Playing with my kids has been the biggest reward outside the gym. I was turning 38 when I started and felt myself thinking ‘I don’t know if I’m the kind of person who runs around outside anymore” or “I don’t know if I’m going to be able to pick up my 6 year old, he’s getting heavy”.  I won’t say I can run them into the ground (but I can run them into the ground). I can wrestle with them, I can still pickup all 70+ lbs of my eight year old and carry my six year old when she’s tired. That’s a pretty great feeling.

 

Everyone says it… but the community is pretty great. People are welcoming, and while the jokes are pretty bad at 6am J, people are willing to take time to help, to get to know you and to leave you alone when you need it. It’s an interesting cross section of people I wouldn’t have met otherwise… and I look forward to seeing them when I go to the gym.

 

Last, but not least, I’ve done a couple of competitions. Being able to compete again has been awesome. While there is certainly competition available in the gym, if you want it, going to a competition with friends is an experience I thought I’d never have again.

 

5. Any results you would care to share?

Skipping. I never liked skipping as a child. I didn’t, until about 2 months ago, like skipping as an adult. I am not what you would call coordinated… I made my living as an athlete with intensity and, though others would likely disagree, with my wits. Double unders were my nemesis for two years. Every time they would show up on the whiteboard I knew I was in for 5 unbroken minutes of not being able to skip after everyone else was finished.

 

Seems the trick to double unders is to not try so hard. (see humility comment above) My current PR is 49 in a row. I was trying too hard to get to 50 😛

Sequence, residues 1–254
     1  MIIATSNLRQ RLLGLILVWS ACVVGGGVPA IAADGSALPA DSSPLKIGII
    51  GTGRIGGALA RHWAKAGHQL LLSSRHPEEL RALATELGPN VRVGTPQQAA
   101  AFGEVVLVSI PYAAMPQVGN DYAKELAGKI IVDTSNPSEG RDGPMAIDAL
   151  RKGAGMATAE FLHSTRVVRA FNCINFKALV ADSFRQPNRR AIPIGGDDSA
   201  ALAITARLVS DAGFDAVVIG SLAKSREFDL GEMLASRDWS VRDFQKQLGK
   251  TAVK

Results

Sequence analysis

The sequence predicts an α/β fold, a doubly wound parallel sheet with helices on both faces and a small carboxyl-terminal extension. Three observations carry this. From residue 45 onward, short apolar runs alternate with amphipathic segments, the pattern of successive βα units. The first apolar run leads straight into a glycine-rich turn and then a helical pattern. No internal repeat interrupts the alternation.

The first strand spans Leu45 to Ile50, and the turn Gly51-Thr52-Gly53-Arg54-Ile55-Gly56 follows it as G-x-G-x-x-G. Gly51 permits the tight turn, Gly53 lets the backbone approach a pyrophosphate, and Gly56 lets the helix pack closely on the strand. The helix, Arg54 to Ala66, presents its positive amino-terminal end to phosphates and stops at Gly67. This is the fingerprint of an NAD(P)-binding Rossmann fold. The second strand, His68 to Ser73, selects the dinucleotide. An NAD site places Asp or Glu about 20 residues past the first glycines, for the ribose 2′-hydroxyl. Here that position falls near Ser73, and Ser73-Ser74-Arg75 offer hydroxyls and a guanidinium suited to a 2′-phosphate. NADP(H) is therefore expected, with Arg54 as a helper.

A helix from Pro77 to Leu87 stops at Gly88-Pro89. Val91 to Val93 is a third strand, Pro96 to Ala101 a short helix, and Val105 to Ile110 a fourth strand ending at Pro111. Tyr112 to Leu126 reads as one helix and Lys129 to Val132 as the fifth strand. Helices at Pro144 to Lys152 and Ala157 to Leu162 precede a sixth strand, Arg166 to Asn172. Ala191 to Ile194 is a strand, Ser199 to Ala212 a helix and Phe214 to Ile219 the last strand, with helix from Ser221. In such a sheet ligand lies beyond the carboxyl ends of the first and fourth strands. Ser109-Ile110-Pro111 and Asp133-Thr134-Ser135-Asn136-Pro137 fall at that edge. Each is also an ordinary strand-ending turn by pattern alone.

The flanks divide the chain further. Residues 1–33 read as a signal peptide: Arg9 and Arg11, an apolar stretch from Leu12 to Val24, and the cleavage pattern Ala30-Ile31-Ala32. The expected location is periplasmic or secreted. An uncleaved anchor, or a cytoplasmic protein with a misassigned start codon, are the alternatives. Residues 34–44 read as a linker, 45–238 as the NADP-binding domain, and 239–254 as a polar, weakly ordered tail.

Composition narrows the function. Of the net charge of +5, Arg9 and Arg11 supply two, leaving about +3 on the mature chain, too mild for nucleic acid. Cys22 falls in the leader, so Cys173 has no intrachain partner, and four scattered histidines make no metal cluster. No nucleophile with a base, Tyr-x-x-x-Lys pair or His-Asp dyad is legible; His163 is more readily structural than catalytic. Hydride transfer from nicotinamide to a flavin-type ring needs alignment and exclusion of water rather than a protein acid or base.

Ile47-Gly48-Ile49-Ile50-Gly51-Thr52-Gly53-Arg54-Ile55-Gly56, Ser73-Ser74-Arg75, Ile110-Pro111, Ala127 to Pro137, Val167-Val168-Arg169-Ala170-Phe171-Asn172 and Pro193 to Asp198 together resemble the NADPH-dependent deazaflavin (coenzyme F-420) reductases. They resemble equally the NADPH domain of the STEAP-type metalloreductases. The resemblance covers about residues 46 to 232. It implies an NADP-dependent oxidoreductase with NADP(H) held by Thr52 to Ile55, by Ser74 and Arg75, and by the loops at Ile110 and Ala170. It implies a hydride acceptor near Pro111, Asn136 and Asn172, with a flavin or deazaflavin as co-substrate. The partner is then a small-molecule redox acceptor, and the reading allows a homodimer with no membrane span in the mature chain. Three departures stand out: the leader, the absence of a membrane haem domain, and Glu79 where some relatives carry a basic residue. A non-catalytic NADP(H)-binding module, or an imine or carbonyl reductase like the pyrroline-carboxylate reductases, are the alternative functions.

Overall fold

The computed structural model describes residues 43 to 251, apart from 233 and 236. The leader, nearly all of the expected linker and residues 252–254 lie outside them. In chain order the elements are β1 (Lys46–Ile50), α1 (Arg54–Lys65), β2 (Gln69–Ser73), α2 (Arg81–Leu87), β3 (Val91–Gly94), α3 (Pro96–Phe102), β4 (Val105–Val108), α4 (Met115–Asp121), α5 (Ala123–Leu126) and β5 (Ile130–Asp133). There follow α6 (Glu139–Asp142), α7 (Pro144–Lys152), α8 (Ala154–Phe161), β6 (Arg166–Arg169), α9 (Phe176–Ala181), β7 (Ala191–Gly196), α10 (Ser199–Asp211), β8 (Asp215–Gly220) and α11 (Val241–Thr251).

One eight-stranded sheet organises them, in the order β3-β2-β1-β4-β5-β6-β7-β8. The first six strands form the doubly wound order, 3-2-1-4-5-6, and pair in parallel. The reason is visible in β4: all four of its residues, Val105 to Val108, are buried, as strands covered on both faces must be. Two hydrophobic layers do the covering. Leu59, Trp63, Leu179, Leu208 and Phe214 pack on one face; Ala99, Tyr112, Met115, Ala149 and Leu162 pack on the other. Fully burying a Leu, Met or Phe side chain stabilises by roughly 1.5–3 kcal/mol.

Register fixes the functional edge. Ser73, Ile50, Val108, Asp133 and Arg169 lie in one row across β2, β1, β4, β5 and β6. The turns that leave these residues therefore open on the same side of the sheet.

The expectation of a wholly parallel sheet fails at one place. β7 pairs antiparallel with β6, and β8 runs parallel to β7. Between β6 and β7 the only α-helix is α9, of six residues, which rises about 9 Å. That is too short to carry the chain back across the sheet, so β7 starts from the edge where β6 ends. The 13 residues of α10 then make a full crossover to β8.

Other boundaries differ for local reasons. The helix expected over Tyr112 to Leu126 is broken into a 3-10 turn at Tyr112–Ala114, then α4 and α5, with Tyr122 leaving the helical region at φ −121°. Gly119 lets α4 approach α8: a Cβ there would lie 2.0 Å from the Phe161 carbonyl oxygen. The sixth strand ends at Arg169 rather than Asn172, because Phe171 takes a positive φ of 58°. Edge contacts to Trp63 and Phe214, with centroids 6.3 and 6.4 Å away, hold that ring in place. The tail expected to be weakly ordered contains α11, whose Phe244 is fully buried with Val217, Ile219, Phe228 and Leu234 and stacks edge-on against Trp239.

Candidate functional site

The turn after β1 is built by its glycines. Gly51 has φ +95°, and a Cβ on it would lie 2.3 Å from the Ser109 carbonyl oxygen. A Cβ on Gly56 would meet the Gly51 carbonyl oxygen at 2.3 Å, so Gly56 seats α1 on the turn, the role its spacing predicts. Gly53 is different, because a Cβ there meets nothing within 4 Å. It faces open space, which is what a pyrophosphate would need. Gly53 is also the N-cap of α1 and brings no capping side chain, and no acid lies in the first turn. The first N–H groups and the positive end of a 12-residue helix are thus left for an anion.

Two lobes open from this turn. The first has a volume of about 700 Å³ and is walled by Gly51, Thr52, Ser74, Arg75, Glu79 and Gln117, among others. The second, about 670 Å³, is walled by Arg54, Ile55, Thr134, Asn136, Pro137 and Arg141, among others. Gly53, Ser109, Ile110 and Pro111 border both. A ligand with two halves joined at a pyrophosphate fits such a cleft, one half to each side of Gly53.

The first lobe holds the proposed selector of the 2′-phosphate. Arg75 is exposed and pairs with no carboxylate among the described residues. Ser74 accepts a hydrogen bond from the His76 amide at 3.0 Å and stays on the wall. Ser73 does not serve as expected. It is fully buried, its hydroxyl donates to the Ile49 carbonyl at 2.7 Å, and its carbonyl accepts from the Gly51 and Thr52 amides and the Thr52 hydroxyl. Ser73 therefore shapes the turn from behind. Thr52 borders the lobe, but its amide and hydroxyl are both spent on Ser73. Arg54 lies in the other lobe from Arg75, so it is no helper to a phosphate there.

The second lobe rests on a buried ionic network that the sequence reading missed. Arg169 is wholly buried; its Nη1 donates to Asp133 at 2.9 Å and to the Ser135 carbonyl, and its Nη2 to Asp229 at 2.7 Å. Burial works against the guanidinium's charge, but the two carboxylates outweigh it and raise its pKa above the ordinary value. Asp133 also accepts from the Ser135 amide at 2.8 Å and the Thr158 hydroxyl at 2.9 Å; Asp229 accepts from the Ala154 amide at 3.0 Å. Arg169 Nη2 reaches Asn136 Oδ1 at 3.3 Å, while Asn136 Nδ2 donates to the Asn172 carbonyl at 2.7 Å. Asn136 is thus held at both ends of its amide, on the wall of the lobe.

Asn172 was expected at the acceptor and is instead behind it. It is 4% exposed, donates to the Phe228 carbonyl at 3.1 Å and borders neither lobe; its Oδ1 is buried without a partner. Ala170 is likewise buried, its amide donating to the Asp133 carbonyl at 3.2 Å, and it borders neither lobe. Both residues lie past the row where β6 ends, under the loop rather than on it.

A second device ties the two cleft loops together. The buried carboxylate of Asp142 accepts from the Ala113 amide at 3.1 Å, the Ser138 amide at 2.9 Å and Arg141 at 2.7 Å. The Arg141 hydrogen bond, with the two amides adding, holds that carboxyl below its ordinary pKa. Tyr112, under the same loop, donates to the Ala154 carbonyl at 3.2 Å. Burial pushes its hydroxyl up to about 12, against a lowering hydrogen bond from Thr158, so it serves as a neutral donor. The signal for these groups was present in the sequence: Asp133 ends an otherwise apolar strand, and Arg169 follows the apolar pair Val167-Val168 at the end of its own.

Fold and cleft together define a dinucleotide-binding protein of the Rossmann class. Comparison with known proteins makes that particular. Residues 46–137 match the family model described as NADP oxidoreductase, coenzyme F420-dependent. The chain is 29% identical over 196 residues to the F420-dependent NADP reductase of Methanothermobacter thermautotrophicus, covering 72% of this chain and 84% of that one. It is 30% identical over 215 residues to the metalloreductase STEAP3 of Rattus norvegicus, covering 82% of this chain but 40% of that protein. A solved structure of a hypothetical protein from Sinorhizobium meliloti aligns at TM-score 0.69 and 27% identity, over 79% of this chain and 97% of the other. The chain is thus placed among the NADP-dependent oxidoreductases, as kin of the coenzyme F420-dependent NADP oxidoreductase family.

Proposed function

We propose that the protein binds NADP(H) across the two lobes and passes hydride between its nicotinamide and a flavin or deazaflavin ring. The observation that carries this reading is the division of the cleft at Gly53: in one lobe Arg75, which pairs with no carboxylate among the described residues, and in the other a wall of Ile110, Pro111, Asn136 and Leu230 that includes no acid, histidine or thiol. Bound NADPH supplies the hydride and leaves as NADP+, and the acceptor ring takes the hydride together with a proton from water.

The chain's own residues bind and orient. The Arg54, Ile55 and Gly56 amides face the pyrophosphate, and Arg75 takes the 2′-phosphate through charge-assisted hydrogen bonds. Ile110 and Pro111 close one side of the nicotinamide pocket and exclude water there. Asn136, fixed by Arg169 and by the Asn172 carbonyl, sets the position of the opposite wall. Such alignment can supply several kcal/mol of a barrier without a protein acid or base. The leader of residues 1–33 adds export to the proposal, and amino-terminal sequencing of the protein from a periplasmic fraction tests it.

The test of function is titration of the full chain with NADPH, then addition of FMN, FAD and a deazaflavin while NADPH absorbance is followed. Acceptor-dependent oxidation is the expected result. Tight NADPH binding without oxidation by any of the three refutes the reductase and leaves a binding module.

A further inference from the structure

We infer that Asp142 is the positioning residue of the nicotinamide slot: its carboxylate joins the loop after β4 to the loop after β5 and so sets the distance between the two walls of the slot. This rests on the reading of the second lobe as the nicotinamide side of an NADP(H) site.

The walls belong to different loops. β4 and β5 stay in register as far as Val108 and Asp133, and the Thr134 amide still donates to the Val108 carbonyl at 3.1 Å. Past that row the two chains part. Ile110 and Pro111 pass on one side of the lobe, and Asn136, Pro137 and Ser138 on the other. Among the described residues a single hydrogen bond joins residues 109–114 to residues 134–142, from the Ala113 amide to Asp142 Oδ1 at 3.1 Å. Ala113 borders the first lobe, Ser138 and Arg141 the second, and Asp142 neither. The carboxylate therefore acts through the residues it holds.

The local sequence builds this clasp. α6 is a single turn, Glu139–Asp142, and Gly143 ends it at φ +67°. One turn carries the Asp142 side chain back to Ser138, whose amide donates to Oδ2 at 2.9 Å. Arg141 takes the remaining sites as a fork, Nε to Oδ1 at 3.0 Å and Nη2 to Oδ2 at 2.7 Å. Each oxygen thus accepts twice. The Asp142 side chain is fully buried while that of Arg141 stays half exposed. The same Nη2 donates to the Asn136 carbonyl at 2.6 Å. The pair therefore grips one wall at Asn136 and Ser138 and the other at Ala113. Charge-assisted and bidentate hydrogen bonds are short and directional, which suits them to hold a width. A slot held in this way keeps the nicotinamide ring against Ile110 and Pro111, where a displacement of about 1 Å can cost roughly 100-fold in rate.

6. Favorite workout or movement?

I’ve gotten to the point where I’m pretty happy with most movements. I used to hope for cleans or front squats… and worry about double unders. Now I keep working to get better at the ones I like, and kinda like the chance to work on the things I suck at. I know it sounds weird, but one of the great things about this kind of thing is that getting better is always possible, and success is measurable. That’s not always true in my professional work.

 

7. Least favorite workout or movement?

Things like Nancy (running and overhead squats) are the most difficult for me. It’s easy to try and push too hard and forget your form. The workouts that are just ‘work hard and fall down’ are easier for me to do because I don’t have to think my way through each movement. Safety first… I hate having to put safety first. But, really, I’m not going to the gym to win a prize. That’s what I keep telling myself.

 

8. Favorite music/song to CF to?

I like working out to slow, lyric based music. Can a fella get a little CSNY in here? No?

 

9. Anything else you would like to add?

Crossfit has worked for me. I’m healthier than I’ve been since I was 17. I get to go play on the school ground with my friends a few hours each week, and there are still coaches there to tell me to be careful, and teach me how to get better at swinging on the bars.

 

Seeing success around me is pretty awesome. Whether it’s someone who has never done any exercise in their life doing their first box jump or it’s a pure athlete beating their personal best, being onsite to cheer and celebrate is always exciting.

Cheryl Paynter - Author